Anatomy and Cell Biology


Faculty Research

In the latter part of the twentieth century, molecular biology created a scientific revolution with lasting impact upon the health sciences, particularly with regard to evidence-based medicine. Because extracellular cues, signaling pathways and resultant molecular changes are context-dependent, with divergent consequences associated with distinct tissue and cell types, it’s more important than ever to study molecular biology within a structural framework in order to translate molecular potential to improving population health. That is the goal of the research being done in this department.

Faculty research in the Department of Anatomy and Cell Biology is focused on three areas: neuroscience, renal biology and musculoskeletal biology.


Faculty investigators in the Department of Anatomy and Cell Biology who specialize in neuroscience research focus on brain circuitry, function and disorders, including stroke, ALS, epileptogenesis, traumatic brain injury, spinal cord injury, peripheral neural temporomandibular disorder, anxiety, alcoholism and fetal alcohol syndrome to the level of translational treatment, neuroprotection and neural repair. These neuroscientists take a holistic approach to exploring the range of neurological topics—from DNA manipulation, receptor functioning and synaptic remodeling to brain circuitry visualization. Multidiscipline studies include developmental neuroscience, neural stem cells, neuroimmunology, neuropathology and neuroimaging. Collectively the neuroscience studies by faculty in this department share an interest in neuroanatomical topics and advanced processes, including epigenetics, optogenetics, glutamate uncaging, single-cell and patch-clamp recording, fMRI, brain imaging sound perception, and computational neuroscience.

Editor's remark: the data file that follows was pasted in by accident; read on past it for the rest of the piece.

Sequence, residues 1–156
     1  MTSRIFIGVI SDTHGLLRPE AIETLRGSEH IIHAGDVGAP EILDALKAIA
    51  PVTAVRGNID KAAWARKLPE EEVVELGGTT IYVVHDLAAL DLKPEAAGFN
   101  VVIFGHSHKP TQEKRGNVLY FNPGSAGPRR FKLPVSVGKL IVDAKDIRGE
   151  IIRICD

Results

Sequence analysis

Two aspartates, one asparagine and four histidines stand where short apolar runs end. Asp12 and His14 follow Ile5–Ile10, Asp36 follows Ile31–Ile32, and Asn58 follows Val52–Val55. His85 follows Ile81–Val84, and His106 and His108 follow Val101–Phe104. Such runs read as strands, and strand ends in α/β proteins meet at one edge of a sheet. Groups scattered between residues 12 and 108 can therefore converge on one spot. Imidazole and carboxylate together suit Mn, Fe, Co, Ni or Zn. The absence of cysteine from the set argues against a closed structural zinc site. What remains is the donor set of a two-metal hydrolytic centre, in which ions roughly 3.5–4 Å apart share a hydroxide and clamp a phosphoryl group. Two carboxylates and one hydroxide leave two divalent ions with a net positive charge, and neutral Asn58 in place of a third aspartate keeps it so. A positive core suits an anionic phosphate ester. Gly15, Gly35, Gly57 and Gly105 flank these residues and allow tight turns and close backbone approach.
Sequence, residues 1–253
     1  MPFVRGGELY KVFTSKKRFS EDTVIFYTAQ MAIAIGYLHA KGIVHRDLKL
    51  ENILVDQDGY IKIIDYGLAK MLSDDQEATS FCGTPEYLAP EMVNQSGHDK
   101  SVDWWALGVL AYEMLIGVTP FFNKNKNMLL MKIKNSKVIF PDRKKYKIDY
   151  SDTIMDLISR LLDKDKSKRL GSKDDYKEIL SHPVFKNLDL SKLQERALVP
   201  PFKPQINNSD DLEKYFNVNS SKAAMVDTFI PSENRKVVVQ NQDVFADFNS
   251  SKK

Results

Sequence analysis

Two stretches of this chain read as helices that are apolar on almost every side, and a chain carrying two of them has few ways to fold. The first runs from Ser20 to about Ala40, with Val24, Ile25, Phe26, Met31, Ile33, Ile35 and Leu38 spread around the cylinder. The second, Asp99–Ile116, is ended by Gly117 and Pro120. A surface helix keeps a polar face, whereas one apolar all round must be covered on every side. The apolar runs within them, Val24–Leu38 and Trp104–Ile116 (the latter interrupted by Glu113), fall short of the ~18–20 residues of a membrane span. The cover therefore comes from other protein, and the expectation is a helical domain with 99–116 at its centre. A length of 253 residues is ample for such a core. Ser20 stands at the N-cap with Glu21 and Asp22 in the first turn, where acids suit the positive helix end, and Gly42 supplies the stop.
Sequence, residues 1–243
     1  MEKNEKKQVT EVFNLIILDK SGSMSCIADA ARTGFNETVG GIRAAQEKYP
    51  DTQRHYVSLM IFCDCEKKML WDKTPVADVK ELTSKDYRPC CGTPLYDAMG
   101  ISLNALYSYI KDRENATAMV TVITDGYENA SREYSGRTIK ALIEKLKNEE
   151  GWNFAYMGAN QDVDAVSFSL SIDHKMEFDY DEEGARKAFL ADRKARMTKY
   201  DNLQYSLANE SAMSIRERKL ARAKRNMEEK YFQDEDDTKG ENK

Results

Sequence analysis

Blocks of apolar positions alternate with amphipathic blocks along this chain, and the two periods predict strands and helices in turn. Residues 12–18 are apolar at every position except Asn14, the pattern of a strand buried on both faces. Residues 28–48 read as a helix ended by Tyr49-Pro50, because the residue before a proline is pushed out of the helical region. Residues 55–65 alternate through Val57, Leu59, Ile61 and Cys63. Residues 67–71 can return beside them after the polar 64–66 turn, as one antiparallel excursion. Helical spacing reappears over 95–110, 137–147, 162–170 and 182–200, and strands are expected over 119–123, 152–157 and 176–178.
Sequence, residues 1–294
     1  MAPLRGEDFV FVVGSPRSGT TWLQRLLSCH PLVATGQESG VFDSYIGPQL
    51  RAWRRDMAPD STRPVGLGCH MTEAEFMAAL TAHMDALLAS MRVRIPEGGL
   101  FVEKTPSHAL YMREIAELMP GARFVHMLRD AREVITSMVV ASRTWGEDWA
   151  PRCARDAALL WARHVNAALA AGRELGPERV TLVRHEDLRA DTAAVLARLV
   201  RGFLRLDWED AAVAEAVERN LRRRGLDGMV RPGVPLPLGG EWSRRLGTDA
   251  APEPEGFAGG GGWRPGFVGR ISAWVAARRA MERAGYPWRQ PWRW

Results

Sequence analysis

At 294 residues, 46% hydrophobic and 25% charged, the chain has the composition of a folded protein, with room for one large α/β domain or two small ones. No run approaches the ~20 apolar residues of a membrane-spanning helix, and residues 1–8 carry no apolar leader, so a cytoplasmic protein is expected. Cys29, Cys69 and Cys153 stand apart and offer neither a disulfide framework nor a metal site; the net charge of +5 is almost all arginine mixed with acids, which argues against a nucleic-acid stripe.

Renal Biology

Renal Biology research programs center on cell and molecular biology, pathology, biological imaging, and biophysics. Investigators are working to understand the cell- and tissue-level mechanisms involved in the development and treatment of chronic renal disease, with emphasis on polycystic kidney disease and nephrolithiasis. Current projects focus on epigenetic factors in the progression of PKD, pathogenesis of Meckel Syndrome, pathogenesis of tubulointerstitial fibrosis, Matrix Bone Disorder in chronic kidney disease, proteomics and biomarkers of human vascular calcification, pathogenesis of kidney stone formation, and bioeffects and mechanisms of shock-wave action in shock-wave lithotripsy.

Musculoskeletal Biology

IU School of Medicine has a long tradition of outstanding research in musculoskeletal biology, as the school has been a leader in studies on osteoporosis and arthritis since the late 1960s. Initially, much of the work in this area was clinically-oriented and performed primarily by physician scientists, but the musculoskeletal biology faculty in the Department of Anatomy and Cell Biology began working closely with biomedical engineers in the Biomechanics and Biomaterials Research Center in the 1970s. The department continues to expand its musculoskeletal biology faculty and to collaborate with scientists at Eli Lilly and Company and other research partners who work to develop therapeutic agents for the treatment of osteoporosis. The musculoskeletal biology group in Anatomy and Cell Biology is the home of the Bone Journal Club and the Indiana Bone and Mineral Study Club, important forums for training junior scientists, for continuing the education of all researchers and physicians working in the area, and for fostering collaboration among scientists throughout Indiana who are working in the field of musculoskeletal biology.

Research Support Services

Histology Core

Histology Core

The Histology Core at IU School of Medicine provides histological services for basic science (non-clinical) research. Both mineralized (plastic embedded) and soft tissue (paraffin embedded) specimens can be prepared by core staff.

Micro Computed Tomography Core

Micro Computed Tomography Core

The Micro Computed Tomography Core is available to scan biological tissues–both skeletal and non-soft–at high resolution. Investigators can use self-service or full-service scanning. Rates are discounted for members of the Indiana Center for Musculoskeletal Health, but the core’s equipment can be used by non-members, too.